No tool or automated promise is going to force anybody to do anything. Only people, cloaked in appropriate authority, can do that. Assuming the happy path here, where there's enough shared vision of mutual respect, transparency, etc., the thing referred to by many is the Accountability Chain. The chain is bi-directional in that it goes up and down the organization. In other words, if everyone is in the same boat, everyone has made and has signed up to the promise, to the commitment, from the CEO to the intern. Commitments and the law are very similar. Often, there must be enforcement for them to be worth anything.

Instead of asking what is good enough, the more important question may be whether the team is enabled to meet “good enough.” And for the record, I'm not suggesting that “good enough” is akin to chucking it over the wall! I suggest that we must define what must be good enough first and then second, see to it that we can actually meet the promises we're making.

As a practical matter, a good place to look for guidance on whether a deliverable is of sufficient quality (good enough) may be found in your Definition of Done. If you have one, chock that up as another commitment that needs to be honored! As I stated earlier, promises and commitments build upon each other. If you haven't codified a definition of done or such other similar thing, if you take nothing else from this editorial, take that! And by that, I don't mean any aspirational talk or philosophies on how things should work in a utopian environment (business school). Take with you the commitment your team is going to codify and establish a definition of done!

For a moment, I'd like to revisit the mundane, the simple, the small things, not so much because they matter. It's because the small things tend to be authentic and, therefore, can't be faked. By small things, I mean those things that folks just know about an organization; how it works, what makes it tick, what motivates it, its people, etc. Some may call it tribal knowledge. This sort of information is vital because these things all go to how information moves through the organization, a thing our ability to honor commitments depends upon.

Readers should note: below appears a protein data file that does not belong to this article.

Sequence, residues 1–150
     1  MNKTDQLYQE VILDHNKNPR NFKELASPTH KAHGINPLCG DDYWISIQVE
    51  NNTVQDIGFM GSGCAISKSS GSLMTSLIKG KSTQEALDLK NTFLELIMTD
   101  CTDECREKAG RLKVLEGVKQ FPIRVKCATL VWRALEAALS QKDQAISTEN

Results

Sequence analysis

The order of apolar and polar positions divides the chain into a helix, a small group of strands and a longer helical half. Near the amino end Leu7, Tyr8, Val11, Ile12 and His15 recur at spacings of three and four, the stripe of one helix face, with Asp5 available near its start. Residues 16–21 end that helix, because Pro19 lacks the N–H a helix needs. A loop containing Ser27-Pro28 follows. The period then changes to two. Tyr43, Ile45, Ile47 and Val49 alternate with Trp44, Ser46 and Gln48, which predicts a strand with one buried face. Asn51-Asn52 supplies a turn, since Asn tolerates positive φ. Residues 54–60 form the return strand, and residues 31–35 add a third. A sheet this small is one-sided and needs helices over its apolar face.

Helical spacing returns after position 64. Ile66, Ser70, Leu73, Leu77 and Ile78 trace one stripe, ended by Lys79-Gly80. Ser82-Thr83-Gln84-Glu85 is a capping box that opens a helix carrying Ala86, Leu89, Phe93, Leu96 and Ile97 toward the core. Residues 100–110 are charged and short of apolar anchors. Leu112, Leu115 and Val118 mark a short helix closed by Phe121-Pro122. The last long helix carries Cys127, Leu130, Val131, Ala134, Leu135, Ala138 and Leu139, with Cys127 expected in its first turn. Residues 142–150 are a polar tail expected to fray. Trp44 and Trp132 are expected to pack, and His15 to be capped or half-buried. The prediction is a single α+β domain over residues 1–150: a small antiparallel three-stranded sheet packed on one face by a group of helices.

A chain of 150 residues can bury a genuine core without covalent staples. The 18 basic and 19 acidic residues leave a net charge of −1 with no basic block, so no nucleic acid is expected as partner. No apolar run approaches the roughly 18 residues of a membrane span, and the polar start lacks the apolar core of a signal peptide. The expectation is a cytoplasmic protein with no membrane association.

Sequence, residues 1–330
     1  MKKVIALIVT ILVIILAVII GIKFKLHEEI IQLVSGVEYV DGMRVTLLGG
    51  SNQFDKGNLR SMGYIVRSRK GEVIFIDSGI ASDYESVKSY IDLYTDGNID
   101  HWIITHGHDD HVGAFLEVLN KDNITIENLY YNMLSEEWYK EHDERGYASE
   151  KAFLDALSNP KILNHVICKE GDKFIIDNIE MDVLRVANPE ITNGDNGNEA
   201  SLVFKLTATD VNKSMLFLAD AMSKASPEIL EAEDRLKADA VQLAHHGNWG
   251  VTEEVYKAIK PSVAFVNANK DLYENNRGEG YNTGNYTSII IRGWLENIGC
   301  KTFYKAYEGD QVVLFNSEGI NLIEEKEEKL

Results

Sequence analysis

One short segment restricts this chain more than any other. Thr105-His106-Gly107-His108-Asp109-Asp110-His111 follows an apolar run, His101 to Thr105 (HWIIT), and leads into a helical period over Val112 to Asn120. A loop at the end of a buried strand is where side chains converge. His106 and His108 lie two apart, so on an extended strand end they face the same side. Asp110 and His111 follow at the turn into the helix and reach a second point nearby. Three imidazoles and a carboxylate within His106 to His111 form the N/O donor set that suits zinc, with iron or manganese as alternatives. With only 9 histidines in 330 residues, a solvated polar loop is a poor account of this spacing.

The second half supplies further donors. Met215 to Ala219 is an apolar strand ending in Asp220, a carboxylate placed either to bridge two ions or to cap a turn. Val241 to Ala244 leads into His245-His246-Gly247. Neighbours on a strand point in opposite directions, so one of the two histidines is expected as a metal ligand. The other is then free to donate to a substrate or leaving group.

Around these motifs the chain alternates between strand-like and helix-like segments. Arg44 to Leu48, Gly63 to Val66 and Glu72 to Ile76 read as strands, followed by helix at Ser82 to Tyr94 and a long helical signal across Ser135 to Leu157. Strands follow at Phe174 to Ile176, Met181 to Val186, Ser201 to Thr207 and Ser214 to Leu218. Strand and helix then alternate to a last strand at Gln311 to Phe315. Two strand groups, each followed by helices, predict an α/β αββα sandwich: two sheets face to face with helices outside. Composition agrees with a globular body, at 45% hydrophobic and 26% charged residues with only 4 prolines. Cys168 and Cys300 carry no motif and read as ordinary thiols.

What I'm referring to are the “small things.” Small things are units of work. For example, how does the shop implement Git, and perhaps more granularly, pull requests? You may be wondering how something as macro as organizational commitments directly relates to something as micro as source code control. What if the organization is a public entity? Add many, many more commitments around SOX, for instance. How do you verify SOX compliance? Via SOC/SOC-2. That's an example of strategy and tactics. You may think that it's like peeling the layers of an onion. It isn't, though, because in these cases, we start from the core and work our way out. That's where the bodies are buried. That's where the truth is. That's where all the small things are! It's there, in that sea of things at the core of the organization, where we find out if we're able to meet our commitments.

Honoring commitments, however, doesn't necessarily mean that there must be perfection 100% of the time. No project is 100% perfect. And yet, there are many, many successful projects. There's always failure, to at least some degree. The question is what does our commitment say about these situations where deliverables haven't been met, either in whole or part? What does the contract say about breach? In my opinion, it's always best to confront and adopt these procedures from the start. Otherwise, there's too much wheel-spinning and finger-pointing instead of doing the things necessary to remedy the failure! Job #1 is honoring commitments, not being perfect. Nobody and no thing is perfect.

It's necessary to make commitments. It's necessary to honor those commitments. It's necessary to enable the honoring of those commitments. Promises and commitments, like everything else, build on one another, like a sturdy structure. The key is to focus on how your organization goes about it, which includes what it prioritizes as necessary. And if you find there are issues, work from the inside out, starting with the small things. Often, the small things are easy to fix!